By Allison Wedell Schumacher
Years ago, when I was casting about for a job, I ended up as a part-time nanny to a three-year-old boy named Logan. I got the impression that his parents, who had listed the job on Craigslist, had met some . . . less-than-satisfactory candidates in their search for someone to take care of their only child during the day. They seemed pretty relieved as we sat down to talk, and they offered me the job on the spot.
When I asked if they needed me to do anything besides the basics (feeding Logan, bathing him, making sure he pulled the dog’s tail as little as possible, and keeping him from falling down the stairs), my new employers said, “He doesn’t know his colors or his numbers yet. You could work on those with him.”
I dutifully attempted to do so, but after several months of being my charge, poor Logan still didn’t know the difference between orange and blue, and any number of items above one stubbornly remained two. “How many bears do you see with Goldilocks?” “Two.” “Let’s count how many cookies are in this baker’s dozen!” “One, two, two, two . . . ”
For one thing, I am not a trained early childhood educator (a fact about which I was candid with Logan’s parents from the get-go). But it wasn’t until Logan was no longer my charge and I started writing and editing for a company that created social-emotional learning curricula that I understood that my priorities had been off. Yes, colors and numbers and letters are important. But what I should have been teaching Logan—and reporting to his parents about—was social-emotional learning.
It may sound “touchy-feely,” but it makes sense when you consider it from the perspective of a kindergarten teacher. Imagine you have 20 five-year-olds coming into your class this fall. Imagine that your job is to make sure they are prepared for first grade, which includes imbuing them with the basics of literacy and math. Now imagine that few of them have ever been expected to sit at a table or desk for anything longer than a meal (and maybe not even that long), and that some of them haven’t even spent much time around other kids.
In short, it doesn’t really matter how many letters or numbers or colors those kids know if they can’t calm down strong feelings, listen to and follow directions, ask for help when needed, or sit quietly and focus on a task. If they can’t do those things—a combination of executive function and social-emotional skills—they can’t learn.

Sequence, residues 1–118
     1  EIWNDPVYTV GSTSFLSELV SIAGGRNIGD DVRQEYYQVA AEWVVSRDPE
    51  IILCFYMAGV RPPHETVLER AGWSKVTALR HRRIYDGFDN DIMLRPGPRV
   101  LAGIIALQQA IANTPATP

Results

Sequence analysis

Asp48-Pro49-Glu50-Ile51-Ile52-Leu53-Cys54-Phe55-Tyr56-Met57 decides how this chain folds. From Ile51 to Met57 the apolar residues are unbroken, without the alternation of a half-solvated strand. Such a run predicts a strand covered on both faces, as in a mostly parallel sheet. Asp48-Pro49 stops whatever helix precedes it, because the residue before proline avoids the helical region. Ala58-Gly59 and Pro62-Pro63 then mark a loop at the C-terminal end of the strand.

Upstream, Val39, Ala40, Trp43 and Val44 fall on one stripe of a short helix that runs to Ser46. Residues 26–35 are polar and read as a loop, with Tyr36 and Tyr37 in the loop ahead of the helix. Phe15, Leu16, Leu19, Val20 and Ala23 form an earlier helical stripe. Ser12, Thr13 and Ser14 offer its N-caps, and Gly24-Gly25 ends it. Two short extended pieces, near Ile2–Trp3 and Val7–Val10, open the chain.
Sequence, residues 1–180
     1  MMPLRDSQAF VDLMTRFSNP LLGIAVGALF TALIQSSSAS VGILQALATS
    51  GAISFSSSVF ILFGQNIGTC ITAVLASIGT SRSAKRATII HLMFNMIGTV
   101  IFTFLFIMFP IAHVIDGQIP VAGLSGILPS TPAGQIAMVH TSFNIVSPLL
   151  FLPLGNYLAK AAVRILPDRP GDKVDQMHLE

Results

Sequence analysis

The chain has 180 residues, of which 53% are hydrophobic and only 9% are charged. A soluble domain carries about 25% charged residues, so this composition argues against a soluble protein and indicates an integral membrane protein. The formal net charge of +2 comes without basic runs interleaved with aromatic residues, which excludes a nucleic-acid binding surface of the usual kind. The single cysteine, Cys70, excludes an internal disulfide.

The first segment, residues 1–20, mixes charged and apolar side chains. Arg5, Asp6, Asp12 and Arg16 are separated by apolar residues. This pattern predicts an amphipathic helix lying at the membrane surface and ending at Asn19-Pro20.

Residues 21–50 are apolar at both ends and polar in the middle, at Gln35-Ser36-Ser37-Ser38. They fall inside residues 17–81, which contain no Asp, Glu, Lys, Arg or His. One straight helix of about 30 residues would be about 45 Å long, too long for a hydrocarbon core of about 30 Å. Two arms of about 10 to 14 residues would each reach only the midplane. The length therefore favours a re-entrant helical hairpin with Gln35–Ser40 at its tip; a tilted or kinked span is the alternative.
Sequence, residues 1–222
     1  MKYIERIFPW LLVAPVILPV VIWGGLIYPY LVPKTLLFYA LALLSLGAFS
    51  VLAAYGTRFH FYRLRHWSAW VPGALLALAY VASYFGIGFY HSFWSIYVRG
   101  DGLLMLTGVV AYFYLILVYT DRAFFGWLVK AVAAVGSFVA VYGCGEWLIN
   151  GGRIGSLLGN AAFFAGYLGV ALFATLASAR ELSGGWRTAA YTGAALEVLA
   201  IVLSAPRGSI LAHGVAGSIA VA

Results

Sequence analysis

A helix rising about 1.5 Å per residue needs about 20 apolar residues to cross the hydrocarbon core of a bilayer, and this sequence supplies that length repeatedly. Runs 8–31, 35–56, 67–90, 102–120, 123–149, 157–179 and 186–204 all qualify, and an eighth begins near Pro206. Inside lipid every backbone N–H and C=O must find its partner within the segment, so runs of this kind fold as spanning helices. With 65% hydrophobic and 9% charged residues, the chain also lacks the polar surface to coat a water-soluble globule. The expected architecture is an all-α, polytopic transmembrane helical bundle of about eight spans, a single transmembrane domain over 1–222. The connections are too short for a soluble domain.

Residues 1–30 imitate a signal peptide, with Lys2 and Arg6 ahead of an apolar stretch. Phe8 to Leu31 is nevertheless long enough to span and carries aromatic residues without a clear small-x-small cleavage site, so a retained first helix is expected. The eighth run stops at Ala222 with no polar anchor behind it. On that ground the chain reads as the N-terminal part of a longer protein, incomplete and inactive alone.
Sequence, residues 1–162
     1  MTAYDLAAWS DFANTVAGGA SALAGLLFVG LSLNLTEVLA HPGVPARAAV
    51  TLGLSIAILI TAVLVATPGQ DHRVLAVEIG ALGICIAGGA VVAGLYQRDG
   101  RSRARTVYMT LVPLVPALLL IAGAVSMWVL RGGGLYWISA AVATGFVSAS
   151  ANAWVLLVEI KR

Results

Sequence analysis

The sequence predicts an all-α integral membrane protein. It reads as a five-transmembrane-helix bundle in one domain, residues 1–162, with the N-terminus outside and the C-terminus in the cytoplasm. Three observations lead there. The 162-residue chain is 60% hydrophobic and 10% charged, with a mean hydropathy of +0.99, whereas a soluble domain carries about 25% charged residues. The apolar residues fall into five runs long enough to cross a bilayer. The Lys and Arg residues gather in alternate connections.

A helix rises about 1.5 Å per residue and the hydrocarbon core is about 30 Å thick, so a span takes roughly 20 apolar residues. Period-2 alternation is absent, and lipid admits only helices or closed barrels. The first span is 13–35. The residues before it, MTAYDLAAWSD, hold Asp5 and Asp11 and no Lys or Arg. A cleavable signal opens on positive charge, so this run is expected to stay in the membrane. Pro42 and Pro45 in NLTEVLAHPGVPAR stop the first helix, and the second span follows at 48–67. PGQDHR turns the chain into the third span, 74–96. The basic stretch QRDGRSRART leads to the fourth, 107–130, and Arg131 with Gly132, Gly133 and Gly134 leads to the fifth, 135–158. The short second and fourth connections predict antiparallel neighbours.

And to make things slightly more complicated, kids aren’t born with these skills. But they are certainly capable of developing them, which is where we come in. If we start kids young, teaching them to identify and manage strong feelings, learn listening skills, strengthen working memory, develop and use assertiveness skills, and nurture self-control, we can set them up for success in kindergarten and beyond.
If you’re worrying about Logan, don’t; he turned out happy and healthy. And my experience with him (and my subsequent experience in the field of social-emotional learning) certainly made me a better parent when the time came. For one thing, when we read about Little Bo Peep, we weren’t counting how many sheep she had or talking about the color of her dress. We were looking for clues on her face about how she felt about losing her sheep. For the record, Bo Peep was very happy when they came home, wagging their tails behind them.
Allison Wedell Schumacher is a freelance writer, editor, and mom whose diverse work focuses on child abuse prevention, bullying prevention, social-emotional learning, fitness, and theater/acting. She is the author of Shaking Hands with Shakespeare: A Teenager’s Guide to Reading and Performing the Bard (Simon & Schuster, 2004), and her work has been featured here and at babycenter.com, MomsRising.org, and Committee for Children. You can find her on LinkedIn.
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